In terms of wildlife viewing, there are two major valleys to drive and see bison, moose, deer, bears, and other wildlife – Hayden Valley and the Lamar Valley. Bison are everywhere in Yellowstone, so always be on the lookout when you are driving through the roads for a herd or a lone one just grazing or walking along. Due to the amount of wildlife along the roads, people often stop to take pictures. This causes huge delays and is why traffic is always an issue at Yellowstone. You will see the biggest game animals active early in the morning or later at dusk.
For even more specifics, check out my detailed itinerary and description of our Grand Teton to Yellowstone trip.
Glacier National Park
Stay: Whitefish, MT
Glacier National Park is simply stunning! Its’ location in northeastern Montana does make it a remote national park, but in my opinion, it is probably the most beautiful. Glacier is known for its mountains, alpine lakes, and over 700 miles of hiking trails. If you and your family love to hike, then this is the park for you. I feel it is one of the best national parks to visit because of its’ pristine natural beauty and glacial blue lakes amidst mountains.
There are trails of varying difficulty, yet almost all trails are at least 2 miles long. My favorite hike was the Trail of Cedars/Avalanche Lake (2.5 miles). This hike begins on a boardwalk among the tall cedar trees and then a path connects it to a trail leading to Avalanche Lake. This hike meanders through a rushing river, takes you through the forest, and then finishes in a clearing revealing a gorgeous green alpine lake. It was one of the most beautiful hikes I’ve ever done. The kids really enjoyed climbing over logs, crossing small streams and then picnicking at Avalanche Lake. There are some sections with an incline, but this hike should be fine for most children.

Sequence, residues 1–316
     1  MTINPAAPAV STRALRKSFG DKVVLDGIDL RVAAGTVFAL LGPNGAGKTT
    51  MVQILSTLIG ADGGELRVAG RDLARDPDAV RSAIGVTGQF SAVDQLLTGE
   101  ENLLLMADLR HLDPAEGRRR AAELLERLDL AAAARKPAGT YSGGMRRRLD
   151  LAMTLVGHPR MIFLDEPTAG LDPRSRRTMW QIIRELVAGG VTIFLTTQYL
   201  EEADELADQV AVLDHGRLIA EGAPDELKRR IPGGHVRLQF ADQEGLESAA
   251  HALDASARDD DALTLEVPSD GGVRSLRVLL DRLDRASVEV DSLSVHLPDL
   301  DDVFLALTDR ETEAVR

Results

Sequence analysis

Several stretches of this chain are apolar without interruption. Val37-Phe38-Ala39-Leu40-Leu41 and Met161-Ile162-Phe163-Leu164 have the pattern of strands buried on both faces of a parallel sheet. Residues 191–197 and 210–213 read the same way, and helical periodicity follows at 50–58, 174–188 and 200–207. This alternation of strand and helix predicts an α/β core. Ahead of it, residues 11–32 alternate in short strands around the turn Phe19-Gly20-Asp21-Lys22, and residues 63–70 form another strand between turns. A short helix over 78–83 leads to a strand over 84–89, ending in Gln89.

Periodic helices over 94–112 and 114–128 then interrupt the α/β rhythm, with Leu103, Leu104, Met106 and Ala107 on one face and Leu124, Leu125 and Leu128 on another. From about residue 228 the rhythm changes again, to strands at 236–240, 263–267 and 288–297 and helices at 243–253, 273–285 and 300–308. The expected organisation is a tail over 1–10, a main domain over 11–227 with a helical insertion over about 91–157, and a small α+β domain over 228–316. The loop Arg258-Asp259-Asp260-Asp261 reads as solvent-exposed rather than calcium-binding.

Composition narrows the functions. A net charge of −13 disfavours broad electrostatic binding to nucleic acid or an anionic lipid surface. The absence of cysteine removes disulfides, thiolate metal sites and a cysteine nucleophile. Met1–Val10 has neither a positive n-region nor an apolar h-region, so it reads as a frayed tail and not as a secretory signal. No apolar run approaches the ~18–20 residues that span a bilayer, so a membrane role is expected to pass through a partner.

Our second favorite hike, Aster Falls, was in a remote section of the park called Two Medicine. One of the main reasons we loved this hike was because there were so few people with us. We had grown accustomed to the throngs of summer crowds and were pleasantly surprised to be relatively alone throughout the hike. It was another short hike at about 2 miles and we saw beautiful wildflowers, a black bear in the distance, mountains, rivers, lakes, and green trees as far as the eye could see. This hike was very gentle and the kids enjoyed climbing around the rocks near the waterfall.
Perhaps the highlight of Glacier National Park is the famous Going to the Sun Road that is only open about 3 months of the year. While we did enjoy hiking, part of the beauty of Glacier national park is driving this road. If anyone is scared of heights, this may not be the drive for you. Although the road does have railings, it is quite high. There are a number of scenic overlooks along the drive to stop and take pictures as well. I would also highly recommend driving the entire road until the end at St. Mary’s Visitor’s Center, with a stop at Logan’s Pass.
While there are a few campgrounds and lodges to stay inside the park, once again, they fill up over a year in advance. If you can manage to book early, then I highly recommend staying inside Glacier National Park. If not, I do recommend staying the charming town of Whitefish, Montana. Although it is not located at the entrance like the closest town, West Glacier, Whitefish is only 27 miles away and has some great restaurants, biking trails, shopping, and a walkable downtown area.
If you are looking for even more information on this park, then check out my complete guide on visiting Glacier National Park with kids.
Acadia National Park
Stay: Bar Harbor, ME